U.S. Rep. Jim Kolbe “spent far too much time interacting with the pages,” a former top administrator in the U.S. House of Representatives told the House Ethics Committee.
The statement was in a congressional report Friday that found Republican lawmakers and aides left male pages vulnerable to former Rep. Mark Foley’s improper sexual advances.
Kolbe, a 22-year Republican congressman from southern Arizona, is retiring next month but has been drawn into the Foley scandal, which involved sexually suggestive instant messages and e-mails to former pages.
Jeff Trandahl, the former clerk of the House, testified during the ethics panel’s investigation of the Foley matter that Kolbe spent too much time with teenage pages -as Foley did.
“I viewed (Kolbe), too, as putting himself at risk,” Trandahl said. “He spent far too much time interacting with the pages. I was uncomfortable with it.”
Trandahl said he told Kolbe, his chief of staff Fran McNaught and his administrative assistant Patrick Baugh that the congressman should stop.
But Kolbe called the ethics report a kind of vindication in another statement issued Friday.
“The report demonstrates that members of my office and I took prompt action in 2001 to address the complaint that was brought to our attention by a college student from my district who had previously served as a House Page,” Kolbe said.
According to the panel’s report on the investigation, Trandahl’s advice was not heeded and Kolbe told his own staff to “mind their own business.”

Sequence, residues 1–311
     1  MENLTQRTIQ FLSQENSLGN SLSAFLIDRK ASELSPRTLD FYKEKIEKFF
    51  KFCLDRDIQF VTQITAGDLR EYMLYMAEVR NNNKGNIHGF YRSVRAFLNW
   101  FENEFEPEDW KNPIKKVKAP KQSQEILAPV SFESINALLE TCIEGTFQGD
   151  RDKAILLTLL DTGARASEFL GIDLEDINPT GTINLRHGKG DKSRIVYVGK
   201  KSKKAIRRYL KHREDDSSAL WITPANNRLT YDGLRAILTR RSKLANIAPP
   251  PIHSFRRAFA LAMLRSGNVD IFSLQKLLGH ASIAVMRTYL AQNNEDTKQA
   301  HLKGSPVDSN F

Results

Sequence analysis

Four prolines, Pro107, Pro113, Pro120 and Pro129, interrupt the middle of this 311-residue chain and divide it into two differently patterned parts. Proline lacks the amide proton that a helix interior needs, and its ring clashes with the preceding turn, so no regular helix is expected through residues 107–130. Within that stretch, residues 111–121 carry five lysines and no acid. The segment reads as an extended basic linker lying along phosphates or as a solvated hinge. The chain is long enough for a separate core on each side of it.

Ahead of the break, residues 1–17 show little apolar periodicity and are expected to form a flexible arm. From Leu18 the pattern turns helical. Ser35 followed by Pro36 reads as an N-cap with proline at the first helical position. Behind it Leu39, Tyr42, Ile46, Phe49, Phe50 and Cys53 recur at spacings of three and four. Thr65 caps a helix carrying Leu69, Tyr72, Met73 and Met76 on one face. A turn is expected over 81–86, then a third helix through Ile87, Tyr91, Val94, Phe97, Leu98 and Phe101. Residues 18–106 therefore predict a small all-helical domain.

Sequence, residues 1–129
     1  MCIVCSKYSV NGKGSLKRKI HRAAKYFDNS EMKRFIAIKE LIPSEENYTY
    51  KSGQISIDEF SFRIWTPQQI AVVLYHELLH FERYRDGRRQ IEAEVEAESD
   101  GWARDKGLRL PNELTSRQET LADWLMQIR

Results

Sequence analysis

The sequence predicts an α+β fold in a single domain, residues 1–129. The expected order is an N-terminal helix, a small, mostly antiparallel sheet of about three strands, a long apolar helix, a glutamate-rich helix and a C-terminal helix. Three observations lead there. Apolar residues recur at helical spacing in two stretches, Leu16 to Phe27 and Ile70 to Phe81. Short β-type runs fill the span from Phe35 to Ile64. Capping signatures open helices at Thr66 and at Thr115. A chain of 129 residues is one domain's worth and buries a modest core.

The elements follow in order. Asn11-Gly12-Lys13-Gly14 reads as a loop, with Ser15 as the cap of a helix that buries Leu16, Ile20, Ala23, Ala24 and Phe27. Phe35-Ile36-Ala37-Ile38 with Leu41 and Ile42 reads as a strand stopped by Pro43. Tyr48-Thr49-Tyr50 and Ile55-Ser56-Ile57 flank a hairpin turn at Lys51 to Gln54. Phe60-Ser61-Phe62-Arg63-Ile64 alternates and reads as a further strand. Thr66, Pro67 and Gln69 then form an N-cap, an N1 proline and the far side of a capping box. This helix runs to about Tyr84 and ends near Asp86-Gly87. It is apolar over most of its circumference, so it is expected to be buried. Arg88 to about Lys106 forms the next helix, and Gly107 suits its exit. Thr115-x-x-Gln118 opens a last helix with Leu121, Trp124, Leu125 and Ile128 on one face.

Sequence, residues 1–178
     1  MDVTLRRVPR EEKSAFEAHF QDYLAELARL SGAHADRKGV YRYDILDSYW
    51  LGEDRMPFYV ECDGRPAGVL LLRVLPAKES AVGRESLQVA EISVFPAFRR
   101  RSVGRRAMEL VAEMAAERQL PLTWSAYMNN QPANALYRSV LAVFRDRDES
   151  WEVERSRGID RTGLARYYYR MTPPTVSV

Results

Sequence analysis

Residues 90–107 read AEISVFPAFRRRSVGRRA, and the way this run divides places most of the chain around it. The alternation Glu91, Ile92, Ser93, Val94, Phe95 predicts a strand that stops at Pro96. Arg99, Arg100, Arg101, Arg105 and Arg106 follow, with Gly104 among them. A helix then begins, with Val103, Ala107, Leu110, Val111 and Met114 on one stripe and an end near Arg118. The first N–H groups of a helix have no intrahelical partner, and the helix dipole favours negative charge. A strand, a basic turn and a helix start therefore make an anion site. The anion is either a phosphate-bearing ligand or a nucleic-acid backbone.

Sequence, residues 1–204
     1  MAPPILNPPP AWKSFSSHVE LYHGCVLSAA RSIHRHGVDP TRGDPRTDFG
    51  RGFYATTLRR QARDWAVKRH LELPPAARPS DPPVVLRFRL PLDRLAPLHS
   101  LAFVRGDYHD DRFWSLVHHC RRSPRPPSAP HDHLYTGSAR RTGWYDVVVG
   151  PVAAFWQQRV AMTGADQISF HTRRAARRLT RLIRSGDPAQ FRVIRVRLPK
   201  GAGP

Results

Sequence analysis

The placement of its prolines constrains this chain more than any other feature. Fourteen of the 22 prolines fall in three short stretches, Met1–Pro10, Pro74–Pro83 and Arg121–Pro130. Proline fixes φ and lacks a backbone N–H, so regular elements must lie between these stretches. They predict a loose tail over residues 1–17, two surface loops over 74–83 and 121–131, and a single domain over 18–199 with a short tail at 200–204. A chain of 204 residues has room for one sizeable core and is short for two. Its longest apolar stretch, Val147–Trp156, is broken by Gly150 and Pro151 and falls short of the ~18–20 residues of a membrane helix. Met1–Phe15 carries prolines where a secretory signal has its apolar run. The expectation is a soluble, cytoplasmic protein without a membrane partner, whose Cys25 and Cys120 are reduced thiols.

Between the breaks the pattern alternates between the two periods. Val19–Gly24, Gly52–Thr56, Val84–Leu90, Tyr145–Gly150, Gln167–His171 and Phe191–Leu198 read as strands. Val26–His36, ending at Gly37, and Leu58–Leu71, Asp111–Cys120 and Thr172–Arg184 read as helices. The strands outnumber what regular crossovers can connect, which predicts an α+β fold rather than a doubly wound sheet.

In a statement issued today, Kolbe defended his actions, specifically relating to a former page from his district who contacted him in 2001 because Foley allegedly was sending sexually suggestive instant messages. Kolbe repeated his claim that he did the right thing by referring the former page to Trandahl.
“The Chairman of the House Committee today said that ‘doing the right thing is the only acceptable option.’ I agree, and that is precisely what I did in response to the information provided to me and to those on my staff.
In an Oct. 10 statement, Kolbe touted his interest in the page program. He got his start in politics as a page for former Sen. Barry Goldwater and in Congress served on the page board, which monitors young “go-fors” and how they are treated.
“I visit with the pages at the back of the chamber to explain politics and parliamentary procedures on the House Floor,” Kolbe said in the statement. “I have written college and graduate school recommendations for scores of the young men and women, and I have always participated in various official page activities when asked to do so by the program, such as speaking at their graduation.”
In mid-October, federal prosecutors in Arizona reportedly began investigating a camping trip that Kolbe took with two former pages and others in 1996.